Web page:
April 9, 2010 -- When she was a little girl, Alla Verber says life in the Soviet Union was tough. Even as the daughter of a dentist, raised in a working-class family in Leningrad -- now the Russian city of St. Petersburg -- she didn't have much.
"It was more closed country. It was not a capitalistic country. It was a communist country," Verber told "Good Morning America." "There was sometimes no food... You couldn't have dollars -- you could go to jail for having a dollar in your pocket."
But now, as one of the most powerful women in the fashion industry and in all of Russia, life is very different for Verber. American fashion magazines have said she's the most important clothing buyer in the world.
As vice president of Mercury Group, the first Russian distributor of luxury goods, she is known as the visionary taste-maker, responsible for introducing brands like Chanel, Prada and Gucci to the Russian public. She's also widely credited with changing the perceptions of Russian women around the globe.
"Russian women like to look sexy, look feminine," Verber said. "Why? Maybe because for many years Russia was a closed country. It was impossible to buy the clothes that we dream about."
Verber said that in the days of communism, individual style was nonexistant. Everyone had to look the same for fear of jail, or worse, she said.
After studying medicine in Russia, Verber moved to Italy when she was 18-years-old, then to Canada and immersed herself in fashion.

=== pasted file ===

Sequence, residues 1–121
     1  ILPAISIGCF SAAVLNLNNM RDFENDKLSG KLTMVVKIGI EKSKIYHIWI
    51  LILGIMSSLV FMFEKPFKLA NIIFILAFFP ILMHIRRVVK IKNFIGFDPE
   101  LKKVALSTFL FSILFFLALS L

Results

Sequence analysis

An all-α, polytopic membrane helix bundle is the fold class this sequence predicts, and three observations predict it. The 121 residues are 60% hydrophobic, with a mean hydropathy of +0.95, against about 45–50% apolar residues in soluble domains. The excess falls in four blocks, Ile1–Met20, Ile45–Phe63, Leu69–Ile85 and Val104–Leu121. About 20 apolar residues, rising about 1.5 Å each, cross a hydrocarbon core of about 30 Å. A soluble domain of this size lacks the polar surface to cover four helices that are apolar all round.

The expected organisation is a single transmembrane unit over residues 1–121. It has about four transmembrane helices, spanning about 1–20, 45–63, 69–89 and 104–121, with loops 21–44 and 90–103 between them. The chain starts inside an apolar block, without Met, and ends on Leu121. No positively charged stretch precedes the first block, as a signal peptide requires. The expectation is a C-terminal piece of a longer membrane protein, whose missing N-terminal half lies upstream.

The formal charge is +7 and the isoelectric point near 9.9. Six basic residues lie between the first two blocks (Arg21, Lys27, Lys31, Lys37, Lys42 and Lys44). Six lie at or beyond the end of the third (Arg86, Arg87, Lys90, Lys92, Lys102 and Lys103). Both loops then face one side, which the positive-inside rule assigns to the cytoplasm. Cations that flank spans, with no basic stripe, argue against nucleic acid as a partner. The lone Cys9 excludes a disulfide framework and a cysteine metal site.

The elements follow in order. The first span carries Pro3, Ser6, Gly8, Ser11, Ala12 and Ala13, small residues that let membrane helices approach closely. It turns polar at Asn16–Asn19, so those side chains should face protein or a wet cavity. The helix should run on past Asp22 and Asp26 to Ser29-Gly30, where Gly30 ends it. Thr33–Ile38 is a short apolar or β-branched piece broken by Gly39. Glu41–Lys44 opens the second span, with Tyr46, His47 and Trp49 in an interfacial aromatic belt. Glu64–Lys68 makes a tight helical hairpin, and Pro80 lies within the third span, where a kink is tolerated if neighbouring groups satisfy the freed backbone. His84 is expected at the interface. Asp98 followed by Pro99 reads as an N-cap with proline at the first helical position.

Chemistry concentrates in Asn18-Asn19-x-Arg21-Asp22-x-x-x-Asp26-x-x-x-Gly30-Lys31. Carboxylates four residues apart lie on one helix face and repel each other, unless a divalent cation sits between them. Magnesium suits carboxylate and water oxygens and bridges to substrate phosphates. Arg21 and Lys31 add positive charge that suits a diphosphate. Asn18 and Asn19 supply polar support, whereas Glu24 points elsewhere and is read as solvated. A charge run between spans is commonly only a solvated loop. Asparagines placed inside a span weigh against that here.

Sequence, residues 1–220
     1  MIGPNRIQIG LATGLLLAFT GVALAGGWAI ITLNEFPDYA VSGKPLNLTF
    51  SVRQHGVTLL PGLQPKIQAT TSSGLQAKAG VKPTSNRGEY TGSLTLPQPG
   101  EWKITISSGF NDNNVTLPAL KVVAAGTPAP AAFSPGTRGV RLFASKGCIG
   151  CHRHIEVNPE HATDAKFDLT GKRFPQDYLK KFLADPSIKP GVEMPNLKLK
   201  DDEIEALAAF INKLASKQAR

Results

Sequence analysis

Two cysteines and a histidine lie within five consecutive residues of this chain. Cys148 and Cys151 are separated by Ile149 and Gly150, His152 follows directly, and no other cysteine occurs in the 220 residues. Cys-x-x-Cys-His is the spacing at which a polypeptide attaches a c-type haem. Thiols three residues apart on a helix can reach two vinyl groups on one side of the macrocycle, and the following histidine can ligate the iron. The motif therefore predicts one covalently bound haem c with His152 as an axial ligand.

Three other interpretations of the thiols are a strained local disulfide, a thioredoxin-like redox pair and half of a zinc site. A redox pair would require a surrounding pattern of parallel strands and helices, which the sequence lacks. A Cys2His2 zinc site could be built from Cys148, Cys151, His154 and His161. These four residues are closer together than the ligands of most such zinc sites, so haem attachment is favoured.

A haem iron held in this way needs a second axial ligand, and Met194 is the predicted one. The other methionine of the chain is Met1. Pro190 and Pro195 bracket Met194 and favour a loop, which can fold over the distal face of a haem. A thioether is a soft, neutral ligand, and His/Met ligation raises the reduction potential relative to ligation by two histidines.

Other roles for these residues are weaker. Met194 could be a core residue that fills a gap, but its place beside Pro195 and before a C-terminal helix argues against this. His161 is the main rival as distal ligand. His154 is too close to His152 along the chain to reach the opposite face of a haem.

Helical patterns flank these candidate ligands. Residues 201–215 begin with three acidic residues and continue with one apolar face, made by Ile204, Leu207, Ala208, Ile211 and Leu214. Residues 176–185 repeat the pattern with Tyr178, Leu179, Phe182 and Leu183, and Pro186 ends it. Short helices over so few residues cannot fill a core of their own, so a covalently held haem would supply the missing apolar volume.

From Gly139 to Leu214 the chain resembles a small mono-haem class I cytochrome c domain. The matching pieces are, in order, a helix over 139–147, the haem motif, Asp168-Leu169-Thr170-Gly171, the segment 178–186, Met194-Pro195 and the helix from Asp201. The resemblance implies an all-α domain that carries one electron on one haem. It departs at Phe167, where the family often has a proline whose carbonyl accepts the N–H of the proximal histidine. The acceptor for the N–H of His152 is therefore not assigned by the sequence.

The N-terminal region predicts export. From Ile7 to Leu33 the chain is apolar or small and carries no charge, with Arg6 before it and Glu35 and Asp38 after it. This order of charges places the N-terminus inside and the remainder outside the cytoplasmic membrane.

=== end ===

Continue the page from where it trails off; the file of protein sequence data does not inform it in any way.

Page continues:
After the fall of communism, she came home with big ideas.
"In 1991 I was standing in the center of Moscow and I said to myself, 'It would be wonderful to build a fashion world, a store that everyone would go to be able to buy whatever they want without having to travel, to go to Milan,'" she said.
With the financial backing of Mercury Group, that's exactly what she did.
She turned an old, drab Soviet department store into a blockbuster upscale boutique, the likes of which Russia had never seen. The store brought in the crowds as well as brands. Soon luxury retailers from all over Europe and America were clamoring to get in the Russian market.
"Now if you study, if you work, you are successful, you can make something out of yourself. You are free... and I think that is the most important thing in life, to be free and do what you like and not be punished for that," she said.
Today she's regarded as a fashion maverick, but none of it would be possible, she said, without the lessons learned in St. Petersburg.
"It's a wonderful home for me, my heart is always there," she said. "I go there once a year and each time I come in and say, 'Father, I made it.'"